Bonfire night! I love it! I don’t suppose I’m that bothered about Guy Fawkes etc but I do love sitting out under a starry sky beside a bonfire. We don’t do fireworks as we’re on the farm. Our indefatigable next door neighbour can’t understand why people blow up good money! But we did have sparklers and had lots of stuff to burn from some of our garden activities over the summer. I felt a bizarre sense of satisfaction at burning a particularly prickly bush I’d wrestled with in July. Here is a picture of our fire bin blaze.
We made parkin and cinder toffee to accompany our festivities. Last year’s parkin was dry and stodgy. Big Dreamer was polite about it but would only eat it with custard. This year I opted for Delia Smith and she didn’t fail us. Here is her recipe (or at least my corrupted version of it):
- 8oz medium oatmeal
- 4oz SR flour
- pinch of salt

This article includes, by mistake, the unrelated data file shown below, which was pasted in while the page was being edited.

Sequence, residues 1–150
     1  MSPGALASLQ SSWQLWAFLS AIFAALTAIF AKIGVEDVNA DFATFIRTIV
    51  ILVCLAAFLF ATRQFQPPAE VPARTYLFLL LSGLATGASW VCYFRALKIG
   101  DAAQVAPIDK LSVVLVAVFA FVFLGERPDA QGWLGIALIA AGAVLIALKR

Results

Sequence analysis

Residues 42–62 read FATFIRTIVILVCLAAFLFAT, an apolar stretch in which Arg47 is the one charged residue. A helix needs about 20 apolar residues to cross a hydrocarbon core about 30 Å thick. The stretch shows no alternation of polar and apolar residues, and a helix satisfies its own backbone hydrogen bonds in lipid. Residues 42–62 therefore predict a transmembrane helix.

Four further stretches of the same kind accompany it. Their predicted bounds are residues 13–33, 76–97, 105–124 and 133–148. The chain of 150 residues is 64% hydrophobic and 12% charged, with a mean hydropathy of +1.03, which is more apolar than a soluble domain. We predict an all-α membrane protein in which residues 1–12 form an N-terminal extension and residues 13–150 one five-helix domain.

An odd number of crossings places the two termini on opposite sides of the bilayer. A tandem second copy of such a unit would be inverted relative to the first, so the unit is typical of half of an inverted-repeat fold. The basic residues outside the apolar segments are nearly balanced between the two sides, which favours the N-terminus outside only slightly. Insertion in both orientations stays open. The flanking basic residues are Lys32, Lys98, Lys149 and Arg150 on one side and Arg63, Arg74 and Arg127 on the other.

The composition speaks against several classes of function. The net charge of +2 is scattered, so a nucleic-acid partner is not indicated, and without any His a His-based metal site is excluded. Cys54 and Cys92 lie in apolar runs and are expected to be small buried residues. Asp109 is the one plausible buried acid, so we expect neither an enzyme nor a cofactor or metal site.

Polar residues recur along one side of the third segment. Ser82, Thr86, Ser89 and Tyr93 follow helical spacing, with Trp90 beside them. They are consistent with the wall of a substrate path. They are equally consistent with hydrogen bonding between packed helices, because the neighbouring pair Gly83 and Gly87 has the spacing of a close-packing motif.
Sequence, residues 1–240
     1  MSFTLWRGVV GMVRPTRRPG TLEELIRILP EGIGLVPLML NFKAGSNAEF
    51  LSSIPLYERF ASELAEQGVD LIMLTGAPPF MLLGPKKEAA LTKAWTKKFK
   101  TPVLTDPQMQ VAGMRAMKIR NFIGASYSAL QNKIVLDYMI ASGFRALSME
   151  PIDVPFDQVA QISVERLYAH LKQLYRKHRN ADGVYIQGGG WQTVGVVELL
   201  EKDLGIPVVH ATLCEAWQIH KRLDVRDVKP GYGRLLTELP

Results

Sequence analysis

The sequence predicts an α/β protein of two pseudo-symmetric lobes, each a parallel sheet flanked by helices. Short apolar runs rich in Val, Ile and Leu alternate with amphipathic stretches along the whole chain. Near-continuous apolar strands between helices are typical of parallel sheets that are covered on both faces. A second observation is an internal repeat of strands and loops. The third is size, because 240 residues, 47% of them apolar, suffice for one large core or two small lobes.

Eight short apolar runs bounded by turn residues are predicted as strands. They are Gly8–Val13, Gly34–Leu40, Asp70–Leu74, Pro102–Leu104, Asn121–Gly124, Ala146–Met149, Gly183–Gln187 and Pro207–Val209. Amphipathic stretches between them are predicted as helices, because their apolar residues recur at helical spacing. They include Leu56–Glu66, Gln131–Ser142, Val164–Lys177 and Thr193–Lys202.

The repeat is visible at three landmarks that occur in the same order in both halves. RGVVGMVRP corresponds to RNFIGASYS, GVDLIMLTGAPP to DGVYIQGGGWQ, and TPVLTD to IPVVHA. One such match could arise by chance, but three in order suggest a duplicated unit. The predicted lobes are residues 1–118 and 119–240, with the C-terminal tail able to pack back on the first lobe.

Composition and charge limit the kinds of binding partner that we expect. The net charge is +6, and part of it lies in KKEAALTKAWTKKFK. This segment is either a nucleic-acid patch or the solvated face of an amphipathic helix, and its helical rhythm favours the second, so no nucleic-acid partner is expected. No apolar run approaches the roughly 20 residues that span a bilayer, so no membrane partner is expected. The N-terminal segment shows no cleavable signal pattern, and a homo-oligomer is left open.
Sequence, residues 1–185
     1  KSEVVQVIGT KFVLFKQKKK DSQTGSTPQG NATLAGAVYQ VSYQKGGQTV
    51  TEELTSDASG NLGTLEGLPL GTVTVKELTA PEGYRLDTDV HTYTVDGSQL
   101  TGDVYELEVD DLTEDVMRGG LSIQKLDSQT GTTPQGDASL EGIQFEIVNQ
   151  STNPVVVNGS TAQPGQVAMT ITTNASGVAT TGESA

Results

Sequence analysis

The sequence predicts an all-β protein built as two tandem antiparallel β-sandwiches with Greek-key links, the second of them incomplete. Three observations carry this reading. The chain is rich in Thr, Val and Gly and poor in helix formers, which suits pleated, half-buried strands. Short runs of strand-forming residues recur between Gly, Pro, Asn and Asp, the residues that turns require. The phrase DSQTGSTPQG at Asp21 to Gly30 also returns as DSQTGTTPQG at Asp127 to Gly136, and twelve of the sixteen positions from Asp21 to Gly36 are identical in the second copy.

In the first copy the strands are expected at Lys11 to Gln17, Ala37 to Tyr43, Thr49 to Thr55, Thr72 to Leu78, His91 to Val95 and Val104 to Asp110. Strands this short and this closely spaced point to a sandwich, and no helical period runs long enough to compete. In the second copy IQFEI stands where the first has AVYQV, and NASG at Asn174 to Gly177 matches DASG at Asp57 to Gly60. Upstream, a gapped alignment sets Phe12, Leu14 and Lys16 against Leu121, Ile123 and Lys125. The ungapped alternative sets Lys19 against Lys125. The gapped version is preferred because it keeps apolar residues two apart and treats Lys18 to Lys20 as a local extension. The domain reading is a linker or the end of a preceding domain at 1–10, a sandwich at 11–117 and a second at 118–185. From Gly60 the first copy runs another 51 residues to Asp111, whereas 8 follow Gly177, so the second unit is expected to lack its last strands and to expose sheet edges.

- 7oz golden syrup
- 1oz black treacle plus 1 tsp
- 4oz marg
- 4 oz soft brown sugar
- 2 level tsp ground ginger
- 1 large egg, beaten
- 1 tbsp milk
Melt the syrups, marg and sugar, but don’t boil. Add this to the dry ingredients. Add the egg, then the milk and bake at 140 degrees C. I have to be careful with Delia on oven temperatures as she puts the fahrenheit temperature first then the centigrade one in brackets. I came a-cropper with my mince meat last year and baked it at 220 degrees centrigrade. My beautiful Le Creuset took a long time to recover from the experience.
I have to say I was disappointed with the cinder toffee and I’m even more disappointed that I have to say that. It’s essentially just sugar and syrup melted up together and then some bicarb added. I don’t know if it’s because I knew the bicarb was there but all I could taste was bicarb and sugar. Do any of you wise folks know if it was my recipe or if that’s just how it tastes? Big Dreamer said he didn’t know what I was talking about so it’s all his as far as I’m concerned.
The best bit of the evening for me was when we were all caught by a strange sound coming through the evening air. We raised our heads and far above us we could see a skein of migrating geese calling to each other. I wondered what their view must be like from up there, of all those bonfires across the country. I don’t suppose they were too keen on the fireworks though.